Tuesday, April 3, 2012


The fact of having grown up in this or that city is oftentimes weak support for the returnee finding his way through the post-childhood development that ravages the landscape of memory. We tell ourselves that we know this, remember that, but when conjecture comes face to face with a street grid, many of our suppositions crumble like a house of cards. But in fact, the falling house of cards on Monday wasn’t a matter of badly remembered streets, but one of walking on ground once thick with forest growth and wetland, a place Daniel Boone might have charged into, but one most of the non-pioneer types stayed out of. But then a lot can happen in fifty-two years over which new streets and highways rise out of dirt and neighborhoods evolve to tweak a city impatient for growth.

Back in the days when the only Elvis around was not named Costello the area of Baton Rouge bordering Jefferson Highway in the southeast was woodland waiting for the developer’s axe. One or two connecting roads cut through the green, but it was land earmarked for a future we couldn’t yet see. A large tract of the land belonged to the Ollie Steele Burden family and was in the 1880s site of Windrush Plantation. At the time of his death in 1995, Steele Burden bequeathed the land to Louisiana State University with a stipulation that it be used for agricultural and horticultural research with minimal development otherwise.

Today this large tract of 440 acres is home to the Burden Center-LSU Agcenter. In addition to research plots devoted to agriculture, the property includes a rose garden, camellia garden, five miles of walking trails, the Windrush Gardens, the Rural Life Museum and grounds offering a look at plantation life in the nineteenth century. Unmentioned in the center’s brochure is a meditation garden, one focused solely on a lotus-filled pond.

For the past several days walking has been confined to Sevenoaks Avenue, but hearing about the Burden Center’s nature trails widened my options. An easy drive from Old Goodwood and I found everything exactly as described, with plenty of parking. The several nature trails branch off from a spot very near the parking area and within minutes the chosen path is wrapped in wall-to-wall green. But the first yards of walking are confused by the sound of cars on I-10 just off the eastern edge of the Burden acreage. Apart from sky every corner of the walker’s view is enclosed in a rumpled green blanket sprinkled with wildflowers, and over the wall of green comes the whoosh of high speed traffic headed for New Orleans. Walk around the next curve in the trail and there through a thin mesh of trees are the cars skimming over the unseen interstate, and then just as quickly lost again around the next clump of swamp cabbage. And in the next moment a long-lost earthy musk of Louisiana rises to my face.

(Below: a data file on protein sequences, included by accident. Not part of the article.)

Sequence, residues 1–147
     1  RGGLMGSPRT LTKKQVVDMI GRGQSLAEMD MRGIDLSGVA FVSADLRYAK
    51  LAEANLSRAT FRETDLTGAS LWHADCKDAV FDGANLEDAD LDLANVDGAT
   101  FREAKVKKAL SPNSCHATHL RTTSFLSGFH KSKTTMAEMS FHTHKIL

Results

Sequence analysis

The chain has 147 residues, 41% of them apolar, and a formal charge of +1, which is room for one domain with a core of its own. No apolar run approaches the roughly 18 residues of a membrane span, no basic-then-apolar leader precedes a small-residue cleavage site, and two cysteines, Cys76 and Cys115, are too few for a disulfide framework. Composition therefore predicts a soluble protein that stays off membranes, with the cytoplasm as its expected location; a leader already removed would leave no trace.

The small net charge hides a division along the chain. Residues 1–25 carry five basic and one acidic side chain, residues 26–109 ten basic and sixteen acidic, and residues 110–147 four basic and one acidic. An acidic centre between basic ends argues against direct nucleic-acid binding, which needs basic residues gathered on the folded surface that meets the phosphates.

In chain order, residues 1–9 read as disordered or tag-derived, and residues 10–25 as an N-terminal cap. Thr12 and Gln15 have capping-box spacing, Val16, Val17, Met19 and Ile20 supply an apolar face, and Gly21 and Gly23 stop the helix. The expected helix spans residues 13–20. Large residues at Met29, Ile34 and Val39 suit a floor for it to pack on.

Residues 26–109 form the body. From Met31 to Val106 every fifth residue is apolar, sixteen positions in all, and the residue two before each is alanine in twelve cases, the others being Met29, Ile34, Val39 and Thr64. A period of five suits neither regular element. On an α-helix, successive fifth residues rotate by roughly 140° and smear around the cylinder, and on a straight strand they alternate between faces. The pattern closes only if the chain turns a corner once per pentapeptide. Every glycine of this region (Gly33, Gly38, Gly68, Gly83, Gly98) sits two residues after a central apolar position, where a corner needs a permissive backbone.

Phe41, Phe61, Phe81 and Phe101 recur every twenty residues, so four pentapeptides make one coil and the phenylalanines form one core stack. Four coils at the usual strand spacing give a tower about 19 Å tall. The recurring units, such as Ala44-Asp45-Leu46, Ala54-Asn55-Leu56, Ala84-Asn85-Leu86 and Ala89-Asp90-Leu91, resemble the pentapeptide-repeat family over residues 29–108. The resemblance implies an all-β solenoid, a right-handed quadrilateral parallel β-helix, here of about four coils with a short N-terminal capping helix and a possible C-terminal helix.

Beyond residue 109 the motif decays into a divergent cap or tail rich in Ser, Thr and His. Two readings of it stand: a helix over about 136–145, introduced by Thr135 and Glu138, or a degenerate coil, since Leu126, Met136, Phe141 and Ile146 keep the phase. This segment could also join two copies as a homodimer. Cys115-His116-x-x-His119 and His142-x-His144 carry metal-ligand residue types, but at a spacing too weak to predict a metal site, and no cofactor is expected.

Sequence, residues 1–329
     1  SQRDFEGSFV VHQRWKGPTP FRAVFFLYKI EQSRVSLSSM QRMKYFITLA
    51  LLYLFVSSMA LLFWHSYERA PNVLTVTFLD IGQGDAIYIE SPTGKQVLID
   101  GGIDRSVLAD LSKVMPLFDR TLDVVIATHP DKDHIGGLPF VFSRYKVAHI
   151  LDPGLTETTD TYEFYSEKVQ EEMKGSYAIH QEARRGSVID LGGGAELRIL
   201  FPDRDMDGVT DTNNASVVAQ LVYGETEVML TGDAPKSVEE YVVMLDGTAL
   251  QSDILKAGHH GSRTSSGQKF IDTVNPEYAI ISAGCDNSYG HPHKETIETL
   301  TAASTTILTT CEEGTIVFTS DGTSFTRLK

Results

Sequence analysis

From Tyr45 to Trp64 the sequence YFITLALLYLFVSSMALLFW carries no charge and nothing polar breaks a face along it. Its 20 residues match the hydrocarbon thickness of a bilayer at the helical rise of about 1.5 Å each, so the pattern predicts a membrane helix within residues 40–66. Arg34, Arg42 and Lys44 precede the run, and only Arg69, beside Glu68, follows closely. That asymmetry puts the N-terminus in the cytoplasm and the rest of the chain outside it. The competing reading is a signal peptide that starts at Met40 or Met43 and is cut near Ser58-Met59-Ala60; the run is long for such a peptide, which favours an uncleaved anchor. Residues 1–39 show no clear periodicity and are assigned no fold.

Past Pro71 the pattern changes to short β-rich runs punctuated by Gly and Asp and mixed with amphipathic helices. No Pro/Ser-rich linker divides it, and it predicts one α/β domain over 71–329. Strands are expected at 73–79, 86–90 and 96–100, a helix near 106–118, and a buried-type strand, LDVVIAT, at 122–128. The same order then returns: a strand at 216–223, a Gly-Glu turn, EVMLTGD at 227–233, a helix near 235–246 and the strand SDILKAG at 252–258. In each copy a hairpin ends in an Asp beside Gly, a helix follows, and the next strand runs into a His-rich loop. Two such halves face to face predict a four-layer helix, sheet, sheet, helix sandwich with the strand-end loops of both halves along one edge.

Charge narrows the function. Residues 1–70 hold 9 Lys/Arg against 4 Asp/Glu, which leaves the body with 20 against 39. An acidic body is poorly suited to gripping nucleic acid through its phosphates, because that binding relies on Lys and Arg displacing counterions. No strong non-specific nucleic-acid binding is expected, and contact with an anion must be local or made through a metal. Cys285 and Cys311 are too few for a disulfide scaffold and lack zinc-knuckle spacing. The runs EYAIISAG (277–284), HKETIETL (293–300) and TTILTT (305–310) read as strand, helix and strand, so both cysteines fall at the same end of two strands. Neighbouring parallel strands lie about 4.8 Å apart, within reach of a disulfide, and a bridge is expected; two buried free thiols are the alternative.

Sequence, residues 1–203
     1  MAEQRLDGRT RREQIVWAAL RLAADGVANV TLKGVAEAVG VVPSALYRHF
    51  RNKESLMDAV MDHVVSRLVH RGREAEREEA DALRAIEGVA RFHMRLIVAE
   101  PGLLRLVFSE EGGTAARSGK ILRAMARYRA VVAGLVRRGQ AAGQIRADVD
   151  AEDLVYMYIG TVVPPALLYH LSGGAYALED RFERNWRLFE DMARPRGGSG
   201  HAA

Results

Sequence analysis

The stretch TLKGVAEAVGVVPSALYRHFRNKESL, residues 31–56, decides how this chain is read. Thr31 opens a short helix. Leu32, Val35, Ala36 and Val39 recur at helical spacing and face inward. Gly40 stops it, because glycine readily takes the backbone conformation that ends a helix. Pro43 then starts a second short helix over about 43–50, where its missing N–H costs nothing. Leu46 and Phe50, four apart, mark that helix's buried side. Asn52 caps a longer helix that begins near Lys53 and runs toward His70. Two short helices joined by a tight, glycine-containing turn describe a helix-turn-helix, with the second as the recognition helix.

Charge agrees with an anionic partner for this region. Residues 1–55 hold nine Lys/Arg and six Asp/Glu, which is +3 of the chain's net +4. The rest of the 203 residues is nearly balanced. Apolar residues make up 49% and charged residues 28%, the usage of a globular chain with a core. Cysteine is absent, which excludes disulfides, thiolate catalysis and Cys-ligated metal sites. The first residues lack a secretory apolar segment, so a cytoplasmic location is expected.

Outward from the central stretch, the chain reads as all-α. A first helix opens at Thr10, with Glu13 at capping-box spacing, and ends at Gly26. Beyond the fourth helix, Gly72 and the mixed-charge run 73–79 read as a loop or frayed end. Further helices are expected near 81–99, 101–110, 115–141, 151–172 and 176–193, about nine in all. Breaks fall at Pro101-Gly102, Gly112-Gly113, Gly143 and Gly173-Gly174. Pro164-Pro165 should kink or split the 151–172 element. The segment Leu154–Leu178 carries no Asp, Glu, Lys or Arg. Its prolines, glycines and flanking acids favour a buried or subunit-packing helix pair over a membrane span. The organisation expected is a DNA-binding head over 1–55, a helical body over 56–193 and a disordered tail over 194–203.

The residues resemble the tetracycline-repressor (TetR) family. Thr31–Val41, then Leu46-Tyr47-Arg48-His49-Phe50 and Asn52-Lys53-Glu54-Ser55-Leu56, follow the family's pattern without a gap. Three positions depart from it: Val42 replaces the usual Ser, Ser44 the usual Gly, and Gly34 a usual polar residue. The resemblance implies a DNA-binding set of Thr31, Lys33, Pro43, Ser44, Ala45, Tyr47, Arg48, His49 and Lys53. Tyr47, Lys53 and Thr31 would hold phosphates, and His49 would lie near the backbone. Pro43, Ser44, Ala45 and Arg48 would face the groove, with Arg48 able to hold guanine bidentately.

Lost in the middle of all this protected land, somewhere off the marked trails and wandering a crushed shell road, I came upon a scatter of gargantuan iron cogs and wheels, a thrown down sculpture of giant parts from an archaic industry. The road passed along an assembly of old wooden buildings behind split rail fencing, and thinking it unremarkable I ducked between the fence rails to have a look. Two people, standing nearby and startled, told me the gate was off thataway, at the rear of the Rural Life Museum and that I had saved $6.00 by coming in the back way. To mark my savings I took a photo of the “old slave” statue just in front of my secret entrance. Despite the lack of a blue visitor’s tag no one bothered me as I walked about the church and slave quarters of the old Windrush Plantation, but I didn’t push my luck by venturing too near the museum.

Not five minutes after crawling back out the split rails and once again on a marked trail, payback came in the form of a sudden downpour. Too much rain and too much distance made it clear getting wet was the only way back. Back in the car my glasses were running and my shirt sopping, but my pedometer showed almost four miles of walking. Enough to make wetness a secondary concern at the end of a happy day.

Trailing off into green along the Palmetto Trail


  1. Beautiful, an evocative post--especially the first line. Again, sights seen and described by a post-childhood returnee makes for appreciation of landscapes too often hurried by and not explored very often by permanent residents. And part of the allure of Louisiana are those pockets of visible history amid the hustle and bustle of interstate life.

  2. You made me homesick for the Swamp.

  3. I'm sure you were in heaven walking down those paths. The rain simply brought a refreshment to the end of the day.

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About Me

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Oak Hill, Florida, United States
A longtime expat relearning the footwork of life in America